Oregon And Washington Governors Agree To New Controls On Carbon Emissions
The governors of Oregon and Washington agreed Monday to add new controls on carbon emissions as part of a West Coast strategy to address climate change.
Govs. John Kitzhaber of Oregon and Jay Inslee of Washington joined Gov. Jerry Brown of California and British Columbia Premier Christy Clark in announcing a shared set of goals for reducing carbon emissions in the region and responding to climate change.
The four leaders signed a new plan that says Oregon will set a price on carbon emissions and Washington will set binding limits while California and B.C. maintain their existing programs.
California has a cap and trade program that sets limits on carbon emissions and allows polluters to buy and sell emission credits. British Columbia has a carbon tax that charges polluters a fee for emissions. The new joint climate and energy plan is designed to align the policies of all four jurisdictions.
“This action plan represents the best of what Pacific Coast governments are already doing, and calls on each of us to do more—together to create jobs by leading in the clean energy economy, and to meet our moral obligation to future generations,” Inslee said in a prepared statement. “Each of the governments here is already taking bold steps on climate change; by joining forces, we will accomplish even more."
Inslee this month laid out a cap-and-trade strategy to reduce overall industrial carbon pollution in his state to limit the overall output of carbon dioxide and related pollution.
Together, the leaders of the four governments pledged to account for the costs of carbon pollution – by either putting a price or a cap on carbon emissions – and to link those programs together if possible. They agreed to adopt low-carbon fuel standards that would reduce carbon emissions from transportation and to align their their long-term plans for reducing in greenhouse gas emissions by 2050.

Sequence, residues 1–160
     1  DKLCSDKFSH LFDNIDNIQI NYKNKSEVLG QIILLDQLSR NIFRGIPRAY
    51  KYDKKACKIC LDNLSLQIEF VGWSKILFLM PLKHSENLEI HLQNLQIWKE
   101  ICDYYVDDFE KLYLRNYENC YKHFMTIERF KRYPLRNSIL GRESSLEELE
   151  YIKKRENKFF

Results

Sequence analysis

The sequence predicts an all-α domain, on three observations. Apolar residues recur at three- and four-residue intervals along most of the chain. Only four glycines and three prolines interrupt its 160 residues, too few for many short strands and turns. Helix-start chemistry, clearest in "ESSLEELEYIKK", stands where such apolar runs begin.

“Energy is the issue of our time – both globally and here in Oregon. And no single issue will have a greater impact on our state’s economy, environment and quality of life in the coming decade,” Kitzhaber said in remarks distributed to news media. "The central question is whether we will shape our energy future through intentional investment and development, or whether it will shape us. Working together across the West Coast jurisdictions we can build more resilient economies prepared to face the 21st century."
Kitzhaber has supported a number of approaches, including carbon pricing and green transportation strategies. His 10-year energy plan includes several suggestions for reducing carbon pollution but makes no mention of either a cap-and-trade approach or a carbon tax.
In their agreement, The Pacific Coast Action Plan on Climate and Energy, the four leaders propose expanding the use of zero-emission vehicles such as electric cars so that they make up 10 percent of new vehicle purchases by 2016. They agree to support high-speed rail and a streamlined permitting process for renewable energy projects, and to press for an international climate change agreement in 2015.
“California isn't waiting for the rest of the world before it takes action on climate change,” Brown said in his prepared comments.
The plan encourages investment in highly efficient "net-zero" buildings that would generate all their own energy. It also outlines the four leaders' support for federal regulation of greenhouse gas emissions from power plants, more ocean acidification research and an interconnected grid to share renewable electricity across the region.